Teaching with Primary Sources

What is a primary source?

According to The Smithsonian, a primary source is “a document or object that was created by an individual or group as part of their daily lives” or “any original source of information that provides a direct, first‐person connection to a historical event.” Examples include birth certificates, photographs, diaries, letters, newspapers, clothing, art and decorative objects, as well as public records.

What is first-person testimony?

The written account or spoken reminiscences of a person who participated in an event are first-person testimonies. Examples include interviews, diaries, letters, photographs and drawings created to illustrate an event, as well as the court testimony of an eyewitness.

What are the benefits of using primary sources and first-person testimony to teach history?

According to The Library of Congress, the use of primary sources:

  • provides a window into the past through unfiltered access to the social and political thought of the time and place being studied.
  • helps students create a personal connection to events in the past and, in turn, fosters both a deeper understanding of history as a series of human events and a compassionate, humane regard for those who came before us.
  • encourages students to seek additional evidence through research; students can use prior knowledge and seek multiple sources to define patterns.
  • allows students to explore differing points of view, often directly confronting contradictions, misconceptions, and misrepresentations.

“Primary sources provide authentic materials for students to practice the skills required by the Common Core State Standards. Encouraging students to grapple with the raw materials of history, such as photographs, newspapers, film, audio files, government documents, and economic data, provides opportunities for them to practice critical thinking, analysis skills and inquiry.”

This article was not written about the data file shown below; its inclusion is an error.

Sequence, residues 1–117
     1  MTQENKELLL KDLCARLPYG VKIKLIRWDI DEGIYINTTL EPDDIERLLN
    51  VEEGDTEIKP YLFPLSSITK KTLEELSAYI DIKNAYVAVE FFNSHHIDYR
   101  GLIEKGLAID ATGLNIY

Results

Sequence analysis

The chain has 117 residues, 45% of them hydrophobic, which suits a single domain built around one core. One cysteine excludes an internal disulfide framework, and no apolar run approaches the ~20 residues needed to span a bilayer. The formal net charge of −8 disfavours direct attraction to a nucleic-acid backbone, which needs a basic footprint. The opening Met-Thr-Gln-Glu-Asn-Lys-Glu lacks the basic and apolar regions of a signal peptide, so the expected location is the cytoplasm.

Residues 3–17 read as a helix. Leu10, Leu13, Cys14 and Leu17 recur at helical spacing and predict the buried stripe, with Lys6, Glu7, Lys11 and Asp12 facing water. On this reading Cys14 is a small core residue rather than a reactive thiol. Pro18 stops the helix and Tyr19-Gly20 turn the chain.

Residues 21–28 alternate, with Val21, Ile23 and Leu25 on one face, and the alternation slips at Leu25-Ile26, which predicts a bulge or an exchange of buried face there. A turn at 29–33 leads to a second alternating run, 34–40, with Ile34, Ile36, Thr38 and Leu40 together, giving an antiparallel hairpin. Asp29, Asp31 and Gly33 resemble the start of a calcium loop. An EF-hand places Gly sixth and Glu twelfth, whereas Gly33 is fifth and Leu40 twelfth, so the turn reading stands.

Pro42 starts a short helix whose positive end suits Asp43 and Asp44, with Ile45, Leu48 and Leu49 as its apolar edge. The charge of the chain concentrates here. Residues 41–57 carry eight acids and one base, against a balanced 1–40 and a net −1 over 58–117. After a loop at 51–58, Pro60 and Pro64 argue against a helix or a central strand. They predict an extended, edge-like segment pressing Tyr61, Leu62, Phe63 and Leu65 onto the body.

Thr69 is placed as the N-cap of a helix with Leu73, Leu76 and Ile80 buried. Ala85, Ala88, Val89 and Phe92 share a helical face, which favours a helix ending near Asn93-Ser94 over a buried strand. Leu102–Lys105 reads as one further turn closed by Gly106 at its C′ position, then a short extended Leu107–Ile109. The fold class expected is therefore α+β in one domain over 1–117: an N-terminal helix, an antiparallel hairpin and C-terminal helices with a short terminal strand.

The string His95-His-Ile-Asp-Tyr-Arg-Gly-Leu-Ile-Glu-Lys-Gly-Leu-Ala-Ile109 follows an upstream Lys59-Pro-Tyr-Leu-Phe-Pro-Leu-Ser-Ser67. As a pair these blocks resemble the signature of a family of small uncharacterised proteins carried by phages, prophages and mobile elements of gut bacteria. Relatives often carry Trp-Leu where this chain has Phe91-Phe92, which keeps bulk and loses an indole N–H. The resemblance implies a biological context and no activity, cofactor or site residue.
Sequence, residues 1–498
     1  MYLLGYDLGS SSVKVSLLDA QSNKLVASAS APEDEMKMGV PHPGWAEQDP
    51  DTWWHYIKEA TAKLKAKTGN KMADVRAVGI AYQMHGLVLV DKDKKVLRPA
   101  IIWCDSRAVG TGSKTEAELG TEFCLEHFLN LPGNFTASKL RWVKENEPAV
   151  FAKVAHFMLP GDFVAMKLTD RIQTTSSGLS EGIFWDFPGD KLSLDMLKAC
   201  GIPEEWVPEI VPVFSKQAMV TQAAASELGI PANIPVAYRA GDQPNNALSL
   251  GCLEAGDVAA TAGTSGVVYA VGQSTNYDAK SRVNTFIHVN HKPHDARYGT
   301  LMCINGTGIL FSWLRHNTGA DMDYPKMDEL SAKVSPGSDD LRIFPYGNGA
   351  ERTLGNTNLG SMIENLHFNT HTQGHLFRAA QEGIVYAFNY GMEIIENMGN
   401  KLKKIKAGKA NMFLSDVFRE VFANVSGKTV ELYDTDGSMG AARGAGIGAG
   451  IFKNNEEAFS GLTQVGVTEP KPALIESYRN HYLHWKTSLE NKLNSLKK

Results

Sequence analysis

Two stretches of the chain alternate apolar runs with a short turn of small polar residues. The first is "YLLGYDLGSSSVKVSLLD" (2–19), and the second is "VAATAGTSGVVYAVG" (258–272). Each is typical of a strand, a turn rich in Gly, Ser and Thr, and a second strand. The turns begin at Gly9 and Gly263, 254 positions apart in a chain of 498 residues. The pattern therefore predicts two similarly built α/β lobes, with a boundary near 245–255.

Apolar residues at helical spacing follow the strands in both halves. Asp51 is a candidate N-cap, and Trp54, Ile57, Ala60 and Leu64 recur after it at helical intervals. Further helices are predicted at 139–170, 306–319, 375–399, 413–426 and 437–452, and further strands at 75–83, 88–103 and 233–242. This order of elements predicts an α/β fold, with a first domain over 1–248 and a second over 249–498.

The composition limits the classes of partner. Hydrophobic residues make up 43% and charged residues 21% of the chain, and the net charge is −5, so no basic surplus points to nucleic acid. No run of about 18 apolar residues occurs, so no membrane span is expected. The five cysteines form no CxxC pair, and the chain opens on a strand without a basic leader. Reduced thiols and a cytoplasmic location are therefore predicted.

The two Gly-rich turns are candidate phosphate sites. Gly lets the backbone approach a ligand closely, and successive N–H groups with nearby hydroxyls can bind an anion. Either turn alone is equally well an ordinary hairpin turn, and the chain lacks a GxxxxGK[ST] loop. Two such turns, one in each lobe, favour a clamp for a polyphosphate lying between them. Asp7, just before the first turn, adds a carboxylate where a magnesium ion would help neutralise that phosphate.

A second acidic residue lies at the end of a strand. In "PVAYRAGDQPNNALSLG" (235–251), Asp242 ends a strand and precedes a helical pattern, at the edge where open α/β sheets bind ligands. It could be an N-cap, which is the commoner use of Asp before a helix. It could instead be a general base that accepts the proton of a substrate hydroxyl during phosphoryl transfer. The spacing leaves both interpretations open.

Primary Sources: The Heart of the Common Core State Standards
Richard Cairn, Library of Congress

Are there drawbacks to using primary sources and first-person accounts?

Primary sources, including the reminiscences presented here, can add to our understanding of a specific topic about which little is known or that otherwise lacks documentation (in this case, the experience of women during The California Gold Rush). Still, some first-person accounts are simply anecdotal and entertaining, detailing experiences that are unique to an individual without making a meaningful contribution to the study of history. Some may not be completely accurate since memory is fallible, while others may be influenced by a cultural bias or self-serving motives.

The Association of Pioneer Women of California included restrictive membership requirements in their bylaws; the stories of their members do not represent the experiences of a true cross-section of the population. Care has been taken to address this directly both in our museum exhibition and on this website; we encourage teachers to use this example (of a primary source compromised by bias) to discuss the important steps historians must take to ensure they are putting forward a balanced and inclusive narrative.


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